She stood proudly at the centre of the gallery, admiring the throng of visitors streaming through the doors. She warmly greeted her patrons with a polite smile.


“My dear, you’ve outdone yourself this time- how realistic this one! Is! I almost cowered under its gaze,” exclaimed Nita, an aristocratic octogenarian who stubbornly refused to acknowledge her age. She smiled, tucking a strand of hair behind her ear. “Yes, this took a while to perfect,” she said, running her fingers along the contours of the cool stone. “It’s not easy, but I like to think I’m making a difference with my art.” A stray gust of wind blew her hair across her face. “The next thing you’ll have to chisel off is your hair!” chuckled Nita. “It’s getting quite long- does it not get in the way?” “Ah, even if it did, I can never cut my hair- I simply can’t!”. “Have you thought of expanding your range of emotions? Fear and shock is obviously your forte, but my, if you just experimented a little….” Nita theatrically raised her arms. “Perhaps one day,” she replied, politely excusing herself.


She had an important night ahead of herself, and she didn’t want to waste it with a woman who looked as fragile as her sculptures.


The night went off smoothly- most of her pieces were auctioned, some fetching prices she hadn’t imagined. She began walking home, taking quick strides. She dreaded the walk home- her route included a back alley through a seedy area, dimly lit, with noxious fumes emanating from the drains. She’d become accustomed to the route- she knew she could protect herself if the need arose- but it never failed to strike a chord of fear in her.


As she marched onward, she saw a figure ambling towards her. She swore under her breath- she’d hoped to not run into anyone tonight. This was going to get ugly.


“Hey there, gorgeous! What’s a fine thing like you doing out so late at night? Out for a good time?” slurred the man, reeking of cheap alcohol. She clenched her jaw and continued walking. “Bitch, I’m talking to you!” shouted the man, grabbing her wrist. “I’m going to show you what happens to girls who disobey me,” he hissed, his hot breath heavy on her neck. She raised her head to look at him and let her hair loose, shaking herself free. He stared dumbly at her- although heavily inebriated, his intuition screamed that he had trifled with the wrong person. There was a pregnant pause in the air-what was she waiting for? Why didn’t she run?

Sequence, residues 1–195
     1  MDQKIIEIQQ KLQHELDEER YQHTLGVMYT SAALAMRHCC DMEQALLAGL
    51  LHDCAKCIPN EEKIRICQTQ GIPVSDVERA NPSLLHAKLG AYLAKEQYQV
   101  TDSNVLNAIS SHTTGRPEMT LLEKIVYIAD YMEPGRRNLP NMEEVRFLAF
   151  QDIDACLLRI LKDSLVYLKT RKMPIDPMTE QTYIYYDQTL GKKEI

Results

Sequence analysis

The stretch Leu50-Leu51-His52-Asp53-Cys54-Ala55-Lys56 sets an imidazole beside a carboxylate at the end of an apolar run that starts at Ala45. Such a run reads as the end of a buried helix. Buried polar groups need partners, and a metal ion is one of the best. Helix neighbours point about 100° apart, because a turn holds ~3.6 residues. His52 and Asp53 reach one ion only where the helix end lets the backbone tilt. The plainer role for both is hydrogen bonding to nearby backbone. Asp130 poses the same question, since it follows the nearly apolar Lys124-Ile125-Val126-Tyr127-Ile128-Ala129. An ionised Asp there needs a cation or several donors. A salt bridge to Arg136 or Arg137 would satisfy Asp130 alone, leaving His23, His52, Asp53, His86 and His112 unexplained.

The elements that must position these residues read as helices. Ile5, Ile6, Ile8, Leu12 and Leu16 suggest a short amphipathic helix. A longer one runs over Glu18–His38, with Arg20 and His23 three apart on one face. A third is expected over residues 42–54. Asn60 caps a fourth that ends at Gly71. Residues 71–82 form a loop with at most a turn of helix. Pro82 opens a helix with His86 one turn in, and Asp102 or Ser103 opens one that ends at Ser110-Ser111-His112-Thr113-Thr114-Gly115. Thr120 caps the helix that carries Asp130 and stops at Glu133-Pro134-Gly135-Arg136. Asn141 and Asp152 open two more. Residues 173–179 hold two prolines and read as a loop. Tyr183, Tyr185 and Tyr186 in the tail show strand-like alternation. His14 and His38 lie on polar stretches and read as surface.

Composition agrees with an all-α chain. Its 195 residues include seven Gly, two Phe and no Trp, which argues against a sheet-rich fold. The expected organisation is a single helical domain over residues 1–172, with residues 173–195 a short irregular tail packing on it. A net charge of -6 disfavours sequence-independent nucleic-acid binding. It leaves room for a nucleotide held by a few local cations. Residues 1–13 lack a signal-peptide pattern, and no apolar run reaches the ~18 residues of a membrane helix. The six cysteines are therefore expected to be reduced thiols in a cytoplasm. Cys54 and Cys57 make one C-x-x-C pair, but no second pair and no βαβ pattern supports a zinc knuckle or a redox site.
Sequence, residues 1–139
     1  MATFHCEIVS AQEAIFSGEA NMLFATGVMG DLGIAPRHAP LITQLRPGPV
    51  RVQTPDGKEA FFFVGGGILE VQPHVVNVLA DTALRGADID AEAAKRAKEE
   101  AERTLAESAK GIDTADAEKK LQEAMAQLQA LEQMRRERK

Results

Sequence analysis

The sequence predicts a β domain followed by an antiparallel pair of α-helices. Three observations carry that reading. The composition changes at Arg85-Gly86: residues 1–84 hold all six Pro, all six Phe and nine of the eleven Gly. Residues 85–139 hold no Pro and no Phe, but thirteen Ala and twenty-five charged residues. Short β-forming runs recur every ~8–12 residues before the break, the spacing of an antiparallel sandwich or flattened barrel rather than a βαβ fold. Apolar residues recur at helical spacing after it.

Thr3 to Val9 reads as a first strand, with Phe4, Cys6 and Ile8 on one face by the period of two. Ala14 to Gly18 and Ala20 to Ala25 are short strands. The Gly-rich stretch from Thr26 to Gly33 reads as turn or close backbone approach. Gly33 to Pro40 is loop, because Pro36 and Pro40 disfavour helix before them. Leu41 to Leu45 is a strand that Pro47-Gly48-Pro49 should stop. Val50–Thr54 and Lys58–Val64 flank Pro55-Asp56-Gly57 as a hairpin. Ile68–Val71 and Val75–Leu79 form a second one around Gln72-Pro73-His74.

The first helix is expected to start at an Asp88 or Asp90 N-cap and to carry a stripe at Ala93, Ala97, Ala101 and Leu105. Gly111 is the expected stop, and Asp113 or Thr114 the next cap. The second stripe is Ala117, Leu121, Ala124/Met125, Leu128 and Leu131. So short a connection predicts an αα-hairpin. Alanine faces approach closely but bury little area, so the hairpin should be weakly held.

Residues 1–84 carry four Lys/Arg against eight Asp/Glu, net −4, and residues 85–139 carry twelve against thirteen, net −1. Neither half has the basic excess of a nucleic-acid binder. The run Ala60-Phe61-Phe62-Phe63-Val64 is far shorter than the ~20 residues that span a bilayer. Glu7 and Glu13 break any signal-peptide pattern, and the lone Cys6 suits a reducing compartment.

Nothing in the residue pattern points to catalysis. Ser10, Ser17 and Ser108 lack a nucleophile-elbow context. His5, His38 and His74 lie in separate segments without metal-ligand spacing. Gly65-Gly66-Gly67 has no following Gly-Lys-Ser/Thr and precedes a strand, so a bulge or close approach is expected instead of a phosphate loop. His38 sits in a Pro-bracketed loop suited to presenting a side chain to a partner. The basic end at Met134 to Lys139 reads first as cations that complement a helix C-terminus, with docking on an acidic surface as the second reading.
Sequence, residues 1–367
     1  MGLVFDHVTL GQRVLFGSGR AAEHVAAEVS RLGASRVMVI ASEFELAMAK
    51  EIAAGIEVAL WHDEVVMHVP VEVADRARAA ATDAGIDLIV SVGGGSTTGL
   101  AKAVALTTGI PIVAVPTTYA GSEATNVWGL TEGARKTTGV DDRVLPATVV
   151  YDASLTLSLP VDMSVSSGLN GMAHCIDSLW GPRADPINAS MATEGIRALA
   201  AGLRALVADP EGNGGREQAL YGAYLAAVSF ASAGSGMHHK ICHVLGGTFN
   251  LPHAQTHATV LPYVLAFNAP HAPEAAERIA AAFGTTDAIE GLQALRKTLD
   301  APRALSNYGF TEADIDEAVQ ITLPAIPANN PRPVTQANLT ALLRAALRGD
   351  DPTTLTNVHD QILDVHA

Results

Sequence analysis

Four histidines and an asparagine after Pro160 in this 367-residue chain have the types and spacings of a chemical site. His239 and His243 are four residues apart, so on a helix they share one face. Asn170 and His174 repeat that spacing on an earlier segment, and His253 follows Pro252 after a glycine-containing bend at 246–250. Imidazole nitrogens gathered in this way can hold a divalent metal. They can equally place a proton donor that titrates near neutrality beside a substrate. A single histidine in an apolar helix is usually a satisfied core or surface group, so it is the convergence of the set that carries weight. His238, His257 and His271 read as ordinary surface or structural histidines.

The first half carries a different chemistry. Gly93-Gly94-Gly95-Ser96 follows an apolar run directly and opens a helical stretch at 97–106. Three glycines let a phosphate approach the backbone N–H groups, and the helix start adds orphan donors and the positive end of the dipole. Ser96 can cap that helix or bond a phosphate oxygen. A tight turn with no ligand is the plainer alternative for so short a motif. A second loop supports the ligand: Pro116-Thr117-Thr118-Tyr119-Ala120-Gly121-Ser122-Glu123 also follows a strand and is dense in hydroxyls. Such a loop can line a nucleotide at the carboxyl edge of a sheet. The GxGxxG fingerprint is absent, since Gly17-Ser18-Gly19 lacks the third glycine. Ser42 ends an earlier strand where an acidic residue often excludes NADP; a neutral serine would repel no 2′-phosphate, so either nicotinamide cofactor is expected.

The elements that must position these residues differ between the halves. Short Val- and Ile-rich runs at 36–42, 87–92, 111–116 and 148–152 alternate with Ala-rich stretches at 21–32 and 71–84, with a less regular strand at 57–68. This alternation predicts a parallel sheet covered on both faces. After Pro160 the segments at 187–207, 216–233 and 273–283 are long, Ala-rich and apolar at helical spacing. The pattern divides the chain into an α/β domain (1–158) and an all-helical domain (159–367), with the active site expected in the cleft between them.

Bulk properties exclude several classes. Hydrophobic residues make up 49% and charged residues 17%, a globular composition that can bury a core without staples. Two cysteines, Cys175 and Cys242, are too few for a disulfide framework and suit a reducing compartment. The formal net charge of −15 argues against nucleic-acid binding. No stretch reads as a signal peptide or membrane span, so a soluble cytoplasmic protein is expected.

That’s when he saw the green smoke.


He wanted to believe that it was one hell of a bottle of rum he drank, but the man knew he wasn’t hallucinating. Sobriety often crashes onto you when you know you’re in danger, and this man knew. He prayed fervently to the ruined ideal of a God he still held onto. He promised to lay off the drink, he promised to stop hitting his wife and drowning their money in drink- even though he knew, somehow, that his prayers were futile. He couldn’t take his eyes off her- her eyes arrested him. They seemed to be bottomless, they seemed to suck him in. Her hair rippled wildly in the still night. Her strands twisted to form tendrils, that morphed into vines… finally developing cold, emerald scales. The ends opened to reveal slit tongues, dotted with beady eyes that glowed like coals. The man opened his mouth to scream, but no sound could emerge as quickly as his body turned to stone.


She went closer to him. His mouth was stretched in a silent scream. His eyes seemed to bulge out of their sockets. She touched his wrist- the stone was still warm to the touch. She let out a tired sigh. “Couldn’t you have waited till next fortnight? How am I supposed to carry you home, you bastard?”

Author: Raj Jain

A special thanks to the IITM Writing Club for giving insti these great reads!